Fig. 8
Transmission electron microscopy of Rhodomonas marina (strain S18). (A) Lateral view displaying the outermost margin of the nucleomorph within the pyrenoid. Nucleomorph reaches from anterior to posterior part of the pyrenoid. (B) High magnification of A. (C) Tubular invagination of nucleomorph reach into the pyrenoid matrix. (D) Nucleomorph forms a complete tube through the pyrenoid matrix. (E) High magnification of the nucleomorph seen in cross section. The nucleomorph has two associated membranes and is surrounded by two chloroplast membranes. Scale bars represent: A, 2 μm; B–D, 1 μm; E, 200 nm.
Fig. 9
Transmission electron microscopy of Rhodomonas marina (strain S18). High magnification of anterior part showing contractile vacuole (cv) and a large number of adjoining small-sized vacuoles (sv). Some of the smaller vacuoles are seen to fuse with a complex system of membranes enclosing the contractile vacuole. A single mitochondrion (m), the Golgi body (G) and small ejectisomes (se) are also shown. Scale bar represents: 0.5 μm.
Table 1
Comparison of 19 species of Rhodomonas scored for nine characters
Species Cell dimensions (μM) Cell shape (living cells) No. of chloroplasts No. of pyrenoids Furrow length : cell length Flagellar length : cell length Shape of inner periplast Mid-ventral band Habitat Reference
R. marina L: 16–20
W: 8–11
Elliptical acute / rounded posterior, truncate anterior 1 1 1/6 1/2–1 Rounded rectangular (sheet in posterior) Present Marine This study
R. baltica L: (12–)15– 30(−40)
W: 15–17 / 8–10
Oval shape, truncated anterior, rounded posterior 1 1 1/8 1/2 Rounded rectangular Absent Marine Karsten (1898), Hill and Wetherbee (1989)
R. maculata L: 14–18
W: 5–7
Ovate / cylindrical, truncate anterior 1 1 1/5 ~1 Rounded rectangular Present Marine Butcher (1967), Hill and Wetherbee (1989)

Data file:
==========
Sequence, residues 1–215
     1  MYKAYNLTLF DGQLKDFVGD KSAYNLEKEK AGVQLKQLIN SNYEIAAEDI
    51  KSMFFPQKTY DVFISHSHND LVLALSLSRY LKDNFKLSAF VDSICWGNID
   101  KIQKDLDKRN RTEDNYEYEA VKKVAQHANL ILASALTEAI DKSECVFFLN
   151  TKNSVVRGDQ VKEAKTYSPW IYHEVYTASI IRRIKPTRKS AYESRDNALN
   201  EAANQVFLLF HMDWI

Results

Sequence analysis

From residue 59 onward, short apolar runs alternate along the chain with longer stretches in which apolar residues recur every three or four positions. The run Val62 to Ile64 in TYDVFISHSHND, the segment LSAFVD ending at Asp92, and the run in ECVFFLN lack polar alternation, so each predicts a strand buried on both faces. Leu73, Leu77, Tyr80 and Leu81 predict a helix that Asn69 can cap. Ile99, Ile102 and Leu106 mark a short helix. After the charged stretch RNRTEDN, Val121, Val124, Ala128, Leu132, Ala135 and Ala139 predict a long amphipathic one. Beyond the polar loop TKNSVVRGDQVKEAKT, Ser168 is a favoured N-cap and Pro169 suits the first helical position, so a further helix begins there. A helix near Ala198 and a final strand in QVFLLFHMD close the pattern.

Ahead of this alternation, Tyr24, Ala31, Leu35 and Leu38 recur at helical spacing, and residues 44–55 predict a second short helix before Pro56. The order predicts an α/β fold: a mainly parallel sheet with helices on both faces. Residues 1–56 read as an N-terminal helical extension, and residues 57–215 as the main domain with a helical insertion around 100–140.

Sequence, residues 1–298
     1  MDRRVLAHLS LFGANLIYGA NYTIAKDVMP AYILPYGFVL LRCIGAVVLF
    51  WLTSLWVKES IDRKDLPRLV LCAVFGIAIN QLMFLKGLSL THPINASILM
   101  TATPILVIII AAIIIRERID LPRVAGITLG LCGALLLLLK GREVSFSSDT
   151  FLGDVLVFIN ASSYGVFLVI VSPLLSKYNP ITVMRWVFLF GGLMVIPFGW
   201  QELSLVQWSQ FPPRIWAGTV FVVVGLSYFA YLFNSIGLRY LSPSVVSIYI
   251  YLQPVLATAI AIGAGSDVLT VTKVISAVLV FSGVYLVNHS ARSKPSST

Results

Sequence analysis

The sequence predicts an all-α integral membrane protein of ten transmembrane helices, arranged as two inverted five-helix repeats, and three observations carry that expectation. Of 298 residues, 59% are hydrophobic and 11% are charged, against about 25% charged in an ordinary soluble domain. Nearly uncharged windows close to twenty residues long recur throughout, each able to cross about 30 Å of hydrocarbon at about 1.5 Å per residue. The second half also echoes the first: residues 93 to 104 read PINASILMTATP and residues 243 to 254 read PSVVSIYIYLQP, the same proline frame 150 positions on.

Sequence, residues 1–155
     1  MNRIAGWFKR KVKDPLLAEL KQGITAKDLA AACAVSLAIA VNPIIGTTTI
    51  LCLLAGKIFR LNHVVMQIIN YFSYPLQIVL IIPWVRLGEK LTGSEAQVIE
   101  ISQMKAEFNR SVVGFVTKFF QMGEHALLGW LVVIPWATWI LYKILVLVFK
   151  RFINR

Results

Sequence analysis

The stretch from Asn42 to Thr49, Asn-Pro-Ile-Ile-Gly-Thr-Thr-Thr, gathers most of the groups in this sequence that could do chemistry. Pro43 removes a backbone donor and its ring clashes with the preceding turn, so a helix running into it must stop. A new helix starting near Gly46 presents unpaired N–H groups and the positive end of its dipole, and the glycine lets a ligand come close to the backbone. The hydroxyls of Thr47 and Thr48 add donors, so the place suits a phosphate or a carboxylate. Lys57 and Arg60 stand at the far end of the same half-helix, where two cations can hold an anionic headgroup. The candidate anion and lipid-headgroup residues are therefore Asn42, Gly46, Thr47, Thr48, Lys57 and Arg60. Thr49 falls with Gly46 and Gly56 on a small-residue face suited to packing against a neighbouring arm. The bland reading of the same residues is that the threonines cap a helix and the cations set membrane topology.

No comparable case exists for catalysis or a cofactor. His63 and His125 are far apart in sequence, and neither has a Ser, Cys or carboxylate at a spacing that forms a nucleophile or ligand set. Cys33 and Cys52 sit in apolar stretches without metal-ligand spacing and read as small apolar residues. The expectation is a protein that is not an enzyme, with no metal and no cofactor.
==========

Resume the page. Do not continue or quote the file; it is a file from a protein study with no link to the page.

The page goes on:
R. duplex L: 13–15
W: 4–6
Oval, truncated anterior, acute posterior, laterally compressed 2 2 1/5 1/2 Rounded rectangular Present Marine Butcher (1967), Hill and Wetherbee (1989)
R. salina L: 9–16
W: 5–9
Oval, truncated anterior, acute posterior, laterally compressed 1 1 1/8 ~1 Rounded rectangular (varies in cell) Absent Marine Butcher (1967), Santore (1982), Erata and Chihara (1989), Hill and Wetherbee (1989)
R. rubra L: ~25
W: ?
Ovate to elliptic 1 1 ? ? Rounded rectangular ? Freshwater Erata and Chihara (1989)
R. ovalis L: 14–16
W: 6–8
Oval to ovoid 1 1 1/11 ~1 Rounded rectangular ? Freshwater Kugrens et al. (1999)
R. stigmatica L: 15–20
W: 6–7
Oval, truncated anterior, acute posterior, laterally compressed 2 2 1/3 1/2 Rounded rectangular (small) Present Marine Butcher (1967), Hill (1991)
R. lens L: 10–20
W: 6–10
Cells fixed in Lugol’s: oval, pointed ends 1 1 ? ? ? ? Freshwater Moustaka-Gouni (1996)
R. minuta L: 7–11
W: 3–5
Oval, truncate / pointed posterior, wider in anterior 1 ? ? 3/4 ? ? Marine Hulburt (1965)
R. irregularis L: 12–14
W: 4–6
Compressed, elliptical / cylindrical truncated posterior, irregular sides 1 1 1/8 ~1 ? ? Marine Butcher (1967), Erata and Chihara (1989)
R. crysoidea L: 12–14
W: 5–7
Ovate, subacute posterior, laterally compressed 1 1 ? ~1 Rounded rectangular ? Marine Butcher (1967), Kugrens and Lee (1987)
R. abbreviata L: 10–14
W: 5–7
Compressed dorsally, truncated anterior, acute posterior 2 ? Short ~1 ? ? Marine Butcher (1967)
R. falcata L: 14–16
W: 4–5
Cylindrical / narrow, truncate anterior, rounded / irregular posterior 1 1 Short ? ? ? Marine Butcher (1967), Lucas (1970), Erata and Chihara (1989)
R. heteromorpha L: 12–14
W: 6–8
Irregularly elliptical / cylindrical / obovate, acute / rounded posterior, truncate anterior 1 1 1/2 ? ? ? Marine Butcher (1967), Santore (1986)
R. pusilla L: 7–13
W: 4–8
Wedge shaped, truncate anterior, pointy / curved posterior 1 1 ? 1/2 ? ? Freshwater Javornický (1967)
R. storeatuloformis L: 12–19
W: 5–10
Ellipsoid elongate, obloid shape, round in ventral view, rhinose in lateral view, slightly bend posterior (some with tail-like protrusion) 1 1 Lack furrow ~1 Sheet-like Absent Marine Khanaychenko et al. (2022)
R. tenuis L: 15–23
W: 6–10
Cylindrical (rounded / bluntly narrowed) 1 1 ? ~1 ? ? Freshwater Javornický (2001)
R. radix L: 13–16
W: 6–7
Reversed droplet (truncated posterior), straight cell 1 1 ? ~1 ? ? Freshwater Javornický (2001)

Unknown character states are marked by “?”.

L, length; W, width.